The Weather Didn’t Deter Us!

A few weeks back David and I played hosts to my friend, Jennifer, who traveled from the USA. She stayed with us for two nights and voiced her wish to go hiking with David and myself. So, I planned a little tour of my favourite part of the Lake District, the northern fells.

Weeks before, the UK had been in the grip of a month or so long heatwave. However on the dawn of our little excursion to Cumbria, the day broke overcast with showers and winds of 50 mph forecast.

It was a 6am start. We breakfasted, packed the car and headed out of Liverpool by 7.30am. David drove two hours up the M6. As the day lengthened it became apparent that the predicted showers would be a predominant feature of the day, with heavy, prolonged incidents. Swathes of showers swept across the countryside, as we pulled the car into a free parking space alongside our first stop: Castlerigg Stone Circle.

Castlerigg Stone Circle was raised in the Neolithic period, about 3000 BC and overlooks the Thirlmere Valley south, towards Helvellyn and north to Skiddaw and Blencathra. You can read more about the circle here. Castlerigg is only 30 minutes walk from Keswick, but on a dreary July day we managed to find parking right outside, even at 10am!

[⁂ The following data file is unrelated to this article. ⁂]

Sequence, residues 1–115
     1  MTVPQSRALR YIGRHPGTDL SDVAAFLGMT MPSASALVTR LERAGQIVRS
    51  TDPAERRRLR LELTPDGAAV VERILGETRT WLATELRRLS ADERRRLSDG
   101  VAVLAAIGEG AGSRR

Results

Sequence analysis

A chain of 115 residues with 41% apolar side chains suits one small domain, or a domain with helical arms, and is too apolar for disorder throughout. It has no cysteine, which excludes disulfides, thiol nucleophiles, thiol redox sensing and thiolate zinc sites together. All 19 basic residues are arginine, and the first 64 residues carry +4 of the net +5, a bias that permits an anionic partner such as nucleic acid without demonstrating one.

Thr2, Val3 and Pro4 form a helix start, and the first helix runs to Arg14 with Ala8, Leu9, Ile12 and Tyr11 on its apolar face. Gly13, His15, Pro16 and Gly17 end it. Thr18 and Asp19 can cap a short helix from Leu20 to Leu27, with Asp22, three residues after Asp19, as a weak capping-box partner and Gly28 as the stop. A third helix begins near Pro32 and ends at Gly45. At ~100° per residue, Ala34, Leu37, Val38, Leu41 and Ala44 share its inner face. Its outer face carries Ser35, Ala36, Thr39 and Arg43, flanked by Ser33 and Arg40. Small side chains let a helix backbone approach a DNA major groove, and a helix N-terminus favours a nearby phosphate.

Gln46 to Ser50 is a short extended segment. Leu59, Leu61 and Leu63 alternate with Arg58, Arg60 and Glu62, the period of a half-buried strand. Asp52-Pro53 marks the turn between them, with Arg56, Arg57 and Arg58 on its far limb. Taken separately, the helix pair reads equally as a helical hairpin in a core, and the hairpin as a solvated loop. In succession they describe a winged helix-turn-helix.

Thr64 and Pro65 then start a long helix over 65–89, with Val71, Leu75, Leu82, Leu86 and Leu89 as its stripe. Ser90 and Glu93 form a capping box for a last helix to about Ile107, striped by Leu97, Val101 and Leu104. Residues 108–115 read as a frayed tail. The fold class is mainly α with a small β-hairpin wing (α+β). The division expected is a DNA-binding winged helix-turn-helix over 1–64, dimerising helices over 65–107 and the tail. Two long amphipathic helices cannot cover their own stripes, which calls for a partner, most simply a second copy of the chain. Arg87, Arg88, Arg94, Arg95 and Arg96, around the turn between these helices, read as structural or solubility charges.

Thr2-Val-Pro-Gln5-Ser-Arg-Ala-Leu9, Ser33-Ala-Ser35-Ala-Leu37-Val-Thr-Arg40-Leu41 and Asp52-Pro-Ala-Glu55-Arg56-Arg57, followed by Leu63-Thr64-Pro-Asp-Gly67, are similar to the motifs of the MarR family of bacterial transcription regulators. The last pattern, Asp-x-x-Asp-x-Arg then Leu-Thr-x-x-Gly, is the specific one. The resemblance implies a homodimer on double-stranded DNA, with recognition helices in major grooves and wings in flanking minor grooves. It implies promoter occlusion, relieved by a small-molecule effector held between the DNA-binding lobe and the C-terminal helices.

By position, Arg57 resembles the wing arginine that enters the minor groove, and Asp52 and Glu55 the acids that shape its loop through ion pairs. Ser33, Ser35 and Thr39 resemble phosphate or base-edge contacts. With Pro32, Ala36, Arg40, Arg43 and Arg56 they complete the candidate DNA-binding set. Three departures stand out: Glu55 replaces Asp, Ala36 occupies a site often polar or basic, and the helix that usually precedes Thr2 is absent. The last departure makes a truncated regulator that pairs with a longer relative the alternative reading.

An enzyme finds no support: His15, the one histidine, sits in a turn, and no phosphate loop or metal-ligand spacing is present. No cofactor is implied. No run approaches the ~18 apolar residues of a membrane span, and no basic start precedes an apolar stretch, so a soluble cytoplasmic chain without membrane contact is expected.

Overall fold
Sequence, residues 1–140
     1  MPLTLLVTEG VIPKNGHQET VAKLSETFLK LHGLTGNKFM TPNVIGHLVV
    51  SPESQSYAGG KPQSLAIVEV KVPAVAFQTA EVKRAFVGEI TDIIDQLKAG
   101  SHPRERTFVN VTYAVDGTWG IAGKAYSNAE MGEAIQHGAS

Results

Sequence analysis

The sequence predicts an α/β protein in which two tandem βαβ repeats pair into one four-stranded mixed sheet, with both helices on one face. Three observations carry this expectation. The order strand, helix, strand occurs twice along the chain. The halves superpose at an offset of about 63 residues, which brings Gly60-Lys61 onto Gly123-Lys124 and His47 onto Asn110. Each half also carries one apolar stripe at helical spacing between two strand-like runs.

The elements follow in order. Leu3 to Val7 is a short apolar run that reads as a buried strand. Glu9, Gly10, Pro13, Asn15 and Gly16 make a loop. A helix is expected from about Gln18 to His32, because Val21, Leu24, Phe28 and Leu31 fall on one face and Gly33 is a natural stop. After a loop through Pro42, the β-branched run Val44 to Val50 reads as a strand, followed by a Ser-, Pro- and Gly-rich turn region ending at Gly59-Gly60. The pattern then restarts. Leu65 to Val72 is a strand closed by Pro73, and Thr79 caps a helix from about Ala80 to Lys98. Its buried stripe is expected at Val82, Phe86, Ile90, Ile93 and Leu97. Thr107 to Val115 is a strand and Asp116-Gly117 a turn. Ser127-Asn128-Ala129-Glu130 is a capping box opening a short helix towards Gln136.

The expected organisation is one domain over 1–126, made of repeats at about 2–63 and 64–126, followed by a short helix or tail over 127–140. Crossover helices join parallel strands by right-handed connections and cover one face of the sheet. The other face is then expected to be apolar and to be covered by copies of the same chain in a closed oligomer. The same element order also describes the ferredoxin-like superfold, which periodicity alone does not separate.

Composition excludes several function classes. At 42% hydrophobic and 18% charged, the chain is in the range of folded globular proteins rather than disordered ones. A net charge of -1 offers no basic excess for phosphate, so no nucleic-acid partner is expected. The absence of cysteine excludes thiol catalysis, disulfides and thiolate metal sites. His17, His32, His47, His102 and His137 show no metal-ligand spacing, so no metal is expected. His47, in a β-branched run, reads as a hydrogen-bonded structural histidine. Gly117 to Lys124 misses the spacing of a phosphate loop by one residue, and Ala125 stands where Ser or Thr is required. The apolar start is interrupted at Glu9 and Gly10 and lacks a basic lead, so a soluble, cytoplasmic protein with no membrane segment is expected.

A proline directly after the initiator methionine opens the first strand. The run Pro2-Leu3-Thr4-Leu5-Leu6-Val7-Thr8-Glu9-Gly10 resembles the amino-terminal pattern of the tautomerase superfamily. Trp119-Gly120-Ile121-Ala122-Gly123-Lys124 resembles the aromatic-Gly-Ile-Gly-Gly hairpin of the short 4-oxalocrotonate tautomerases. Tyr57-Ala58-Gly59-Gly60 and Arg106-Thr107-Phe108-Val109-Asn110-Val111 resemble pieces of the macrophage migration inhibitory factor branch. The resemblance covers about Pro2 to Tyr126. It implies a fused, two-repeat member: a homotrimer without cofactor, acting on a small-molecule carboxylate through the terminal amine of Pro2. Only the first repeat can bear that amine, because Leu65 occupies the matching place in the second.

From Castlerigg we drove the 30 minutes to Buttermere, where we would spend most of the day. On arrival, I was surprised at how quiet the village was. We even managed to get parking at the National Trust car park behind the Fish Inn, paying £8 for all day. From here we donned our waterproofs and rucksacks and headed for the planned hike to Wainwright, Rannerdale Knotts.

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Rannerdale Knotts Walk

The walk to Rannerdale Knotts took us two hours through woodland and up hill. Once past Ghyll Wood the trail gained height quickly and from our viewpoint we could see the weather once again closing in. Low clouds, full of drizzly rain swept in and obscured any view of Buttermere and Crummock Water from the trig point.

The top was a bit of a scramble which (as you know) I don’t like. We managed to scurry across Rannerdale Knotts and even descended without slipping on wet stones. The walk though hindered by the rain was not ruined. We arrived, unscathed at our next destination: Crummock Water.